But, the likely reality is those few machines they made were scrapped 10 or 15 years ago and all that remains is some brief info online, maybe someone who worked for one of those few companies, their memories and the RLV blanks. And if you're really lucky you'll run into an RLV that has something recorded on it. I missed out on a 30 min. recording of Hondo in 3D. It was a special disc made out in California (I saved some of the pics that were up on eBay at the time.) Anyway, I forgot about the listing and missed the chance to bid. I don't think it even sold for that much. It was only a 30 min segment but still to this day they haven't released it on Blu ray 3D. And 30 mins. isn't a lot of recording time.

The closest you could come to recording onto LD would be the Pioneer VDR machine, but it's not really laserdisc. Can only play/record on that machine and with those discs, which are even harder to find than blank RLV discs. Sort of like a Betamax machine. And it's the only one worth messing with since it's rewritable. The wright once machines don't even bother.

It would be far easier/more likely to design/build a 12" HD/UHD disc with a new player, (insert crowd sourcing link here :lol: ) than it would to build a laserdisc recording studio. Getting funding to restart laserdisc production is a dead end and a major step backwards in design. No major movie studio would want to release on it because of the analog limitation and sub-SD quality recording. And the packaging size, it's hard enough to get BD's distributed when everyone is streaming these days, let alone a bigger package. Yes, LP's have made a comeback but the recording process is much cheaper. But also look at how much they cost too. So much more packaging and artwork. A 12" digital UHD disc would be a better path forward. Laserdisc 2.0 with capacity of 1TB/side. Problem is the 5" disc has become standard since CD/DVD and they keep finding ways to improve without going larger. But in this case maybe make it larger purely for nostalgic reasons and packaging/artwork. Yeah, time for a funding campaign.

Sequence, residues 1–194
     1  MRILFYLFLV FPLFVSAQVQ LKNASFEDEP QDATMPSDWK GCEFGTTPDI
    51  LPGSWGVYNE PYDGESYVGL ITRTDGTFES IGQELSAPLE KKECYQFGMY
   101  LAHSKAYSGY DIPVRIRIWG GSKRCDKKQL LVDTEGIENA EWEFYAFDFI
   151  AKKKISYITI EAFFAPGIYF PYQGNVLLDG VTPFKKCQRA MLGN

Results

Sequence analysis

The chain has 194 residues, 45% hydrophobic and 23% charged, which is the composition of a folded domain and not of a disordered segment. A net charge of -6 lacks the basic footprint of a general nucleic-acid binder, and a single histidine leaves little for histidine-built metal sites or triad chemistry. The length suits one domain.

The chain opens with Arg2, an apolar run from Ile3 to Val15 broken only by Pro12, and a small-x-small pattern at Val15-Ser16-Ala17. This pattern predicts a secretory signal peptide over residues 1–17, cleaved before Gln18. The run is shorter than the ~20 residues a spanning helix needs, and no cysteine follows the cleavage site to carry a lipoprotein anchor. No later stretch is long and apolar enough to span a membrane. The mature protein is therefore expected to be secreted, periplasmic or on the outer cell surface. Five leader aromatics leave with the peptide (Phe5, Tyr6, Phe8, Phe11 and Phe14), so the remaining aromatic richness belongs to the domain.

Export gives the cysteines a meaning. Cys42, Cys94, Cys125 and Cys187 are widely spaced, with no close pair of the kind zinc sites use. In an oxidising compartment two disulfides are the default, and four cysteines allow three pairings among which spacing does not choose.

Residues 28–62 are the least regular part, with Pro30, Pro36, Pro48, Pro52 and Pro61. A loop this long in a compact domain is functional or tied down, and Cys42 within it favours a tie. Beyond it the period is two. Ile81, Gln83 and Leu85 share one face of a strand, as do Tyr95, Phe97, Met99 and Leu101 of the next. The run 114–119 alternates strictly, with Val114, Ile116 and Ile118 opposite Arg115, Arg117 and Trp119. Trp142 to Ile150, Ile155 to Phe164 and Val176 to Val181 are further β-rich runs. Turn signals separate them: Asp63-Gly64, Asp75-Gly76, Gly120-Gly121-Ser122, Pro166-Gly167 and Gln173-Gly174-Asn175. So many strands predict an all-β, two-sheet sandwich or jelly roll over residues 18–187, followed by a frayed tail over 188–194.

-These are cool brochures I hadn't seen them before. :thumbup:
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 Post subject: Re: Help with newly aquired RLV Discs?
PostPosted: 06 Sep 2019, 21:32 
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tomtastic wrote:
I missed out on a 30 min. recording of Hondo in 3D. It was a special disc made out in California (I saved some of the pics that were up on eBay at the time.) Anyway, I forgot about the listing and missed the chance to bid. I don't think it even sold for that much. It was only a 30 min segment but still to this day they haven't released it on Blu ray 3D. And 30 mins. isn't a lot of recording time.


I too missed out on those, I think I found them after or saw one go high and the others cheaper?
They had about 3 or so and sold them all, or that's what the seller told me.
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 Post subject: Re: Help with newly aquired RLV Discs?
PostPosted: 07 Sep 2019, 02:23 
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Yeah, that sounds about right, it was over 5 years ago so my memory could be off. I know I pulled the images from the listing at the time, have to find them. I don't recall the final price, but I had planed on bidding but I forgot about it and missed it. If it went too high I would have dropped out anyway. Since it's only 30mins and not the complete film as well as anaglyph 3D.